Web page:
Arabic is the fifth most-spoken language in the world. Modern Standard Arabic is one of the six official languages of the United Nations. 1.8 billion Muslims a day-use classical Arabic as a liturgical medium every day.
And while there are many different dialects of Arabic, it is in itself a root Semitic language.
In South Africa, where Arabic is chiefly a liturgical language, it was felt that Arabic had a relevant social and educational role to play in the development of our society.
These were some of the findings at a recent Arabic Language Day Roundtable hosted by AWQAF SA and the United Ulama Council of South Africa (UUCSA).
According to Professor Muhammad Haron, an Arabic language expert, Arabic is divided into two broad categories: classical Quranic Arabic and Modern Standard Arabic, including dialects. It is the official language in 19 nation-states with about 450 million speakers.
UUCSA noted that while Arabic has been the language of trade for centuries in Southwest Asia and North Africa, it also continues to be an important language for sacred reasons, as the Qur’an and Islamic academic discourse is conducted in classical Arabic.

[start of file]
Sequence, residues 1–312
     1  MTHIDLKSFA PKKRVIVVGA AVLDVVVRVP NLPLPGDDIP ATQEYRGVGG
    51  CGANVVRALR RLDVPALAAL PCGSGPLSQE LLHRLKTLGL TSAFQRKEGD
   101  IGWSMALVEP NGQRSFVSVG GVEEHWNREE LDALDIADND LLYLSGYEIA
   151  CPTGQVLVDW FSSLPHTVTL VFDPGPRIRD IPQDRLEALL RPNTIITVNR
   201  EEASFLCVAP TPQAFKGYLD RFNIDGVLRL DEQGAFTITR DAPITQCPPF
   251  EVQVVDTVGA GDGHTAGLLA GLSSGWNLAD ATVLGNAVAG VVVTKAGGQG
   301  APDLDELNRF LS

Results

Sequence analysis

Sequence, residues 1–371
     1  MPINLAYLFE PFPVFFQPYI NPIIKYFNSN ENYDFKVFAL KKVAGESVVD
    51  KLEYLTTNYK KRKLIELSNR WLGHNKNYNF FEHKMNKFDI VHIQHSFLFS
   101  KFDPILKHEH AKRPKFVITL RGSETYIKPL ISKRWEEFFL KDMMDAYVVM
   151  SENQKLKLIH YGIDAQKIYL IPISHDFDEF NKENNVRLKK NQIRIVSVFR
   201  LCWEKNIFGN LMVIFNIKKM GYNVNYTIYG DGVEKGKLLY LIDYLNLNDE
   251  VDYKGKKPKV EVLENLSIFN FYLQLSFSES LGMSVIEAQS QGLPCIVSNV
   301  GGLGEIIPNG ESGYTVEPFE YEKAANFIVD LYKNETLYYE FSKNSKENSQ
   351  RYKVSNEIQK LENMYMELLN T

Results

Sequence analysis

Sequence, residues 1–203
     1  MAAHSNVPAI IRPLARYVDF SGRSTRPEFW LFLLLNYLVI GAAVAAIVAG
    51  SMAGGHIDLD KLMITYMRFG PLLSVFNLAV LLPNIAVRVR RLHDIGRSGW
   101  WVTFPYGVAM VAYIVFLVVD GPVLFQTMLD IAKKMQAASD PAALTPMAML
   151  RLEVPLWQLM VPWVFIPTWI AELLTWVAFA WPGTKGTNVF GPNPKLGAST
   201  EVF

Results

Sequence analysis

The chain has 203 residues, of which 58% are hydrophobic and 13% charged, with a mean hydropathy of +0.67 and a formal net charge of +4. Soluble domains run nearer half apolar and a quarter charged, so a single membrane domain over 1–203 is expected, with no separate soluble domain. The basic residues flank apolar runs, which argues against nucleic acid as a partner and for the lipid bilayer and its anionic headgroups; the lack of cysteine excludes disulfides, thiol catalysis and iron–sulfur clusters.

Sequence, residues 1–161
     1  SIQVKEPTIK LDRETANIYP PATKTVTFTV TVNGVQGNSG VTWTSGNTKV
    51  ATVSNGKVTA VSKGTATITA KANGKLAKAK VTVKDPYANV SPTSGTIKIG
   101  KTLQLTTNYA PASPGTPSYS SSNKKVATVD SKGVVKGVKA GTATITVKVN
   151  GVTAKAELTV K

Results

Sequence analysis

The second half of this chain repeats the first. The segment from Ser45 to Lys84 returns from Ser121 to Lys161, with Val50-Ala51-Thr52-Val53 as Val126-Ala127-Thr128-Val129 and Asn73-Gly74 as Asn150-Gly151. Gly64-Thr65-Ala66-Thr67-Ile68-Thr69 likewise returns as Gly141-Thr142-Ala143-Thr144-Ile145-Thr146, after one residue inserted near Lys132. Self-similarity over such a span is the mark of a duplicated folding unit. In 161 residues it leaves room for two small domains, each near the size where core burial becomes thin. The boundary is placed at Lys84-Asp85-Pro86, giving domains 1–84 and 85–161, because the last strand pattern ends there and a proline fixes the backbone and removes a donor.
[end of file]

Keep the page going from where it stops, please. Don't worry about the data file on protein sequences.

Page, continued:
Therefore, one could not over-emphasize the role that Arabic continued to play in advancing knowledge and transforming societies through the moral and spiritual directives of faith.
There was a need to advance the teaching and learning of Arabic as the Muslim lingua-franca in and outside of South Africa. Arabic also had millions of speakers on the African continent.
However, as many delegates pointed out in a lively discussion, a meaningful knowledge of Arabic was largely absent in many local madrasahs, Islamic schools, and institutions, though some Darul Ulooms – which teach Islam – were doing well in nurturing language skills.
Representatives of the Internal Examination Board (IEB) noted that last year’s matric exam had only 248 candidates nationwide, and this spoke to the situation.
Delegates, who hailed from a wide spectrum of religious, civil, educational, and academic circles, agreed that the way forward was to establish a working committee to see the way forward in terms of Arabic literacy. This would be a vital step in creating awareness and pooling skills and resources.
On Saturday, 28 May, Arabic Language Day was hosted at the Al Ghazali College Community Hall in Erasmia by the International Knowledge Foundation-South Africa, the Embassy of Kazakhstan in South Africa, and AWQAF SA in conjunction with Al Ghazali College and Masjid Abu Bakr.
Heads of Missions, members of the Arabic speaking countries, members of the diplomatic community and the South African community attended the Arabic Language Day together with the ambassadors.
Zeinoul Abedien Cajee, AWQAF CEO and events coordinator said the initiatives – “despite the challenges faced – had been a great success in harnessing awareness around Arabic and its potential to unite, empower and educate South Africans. “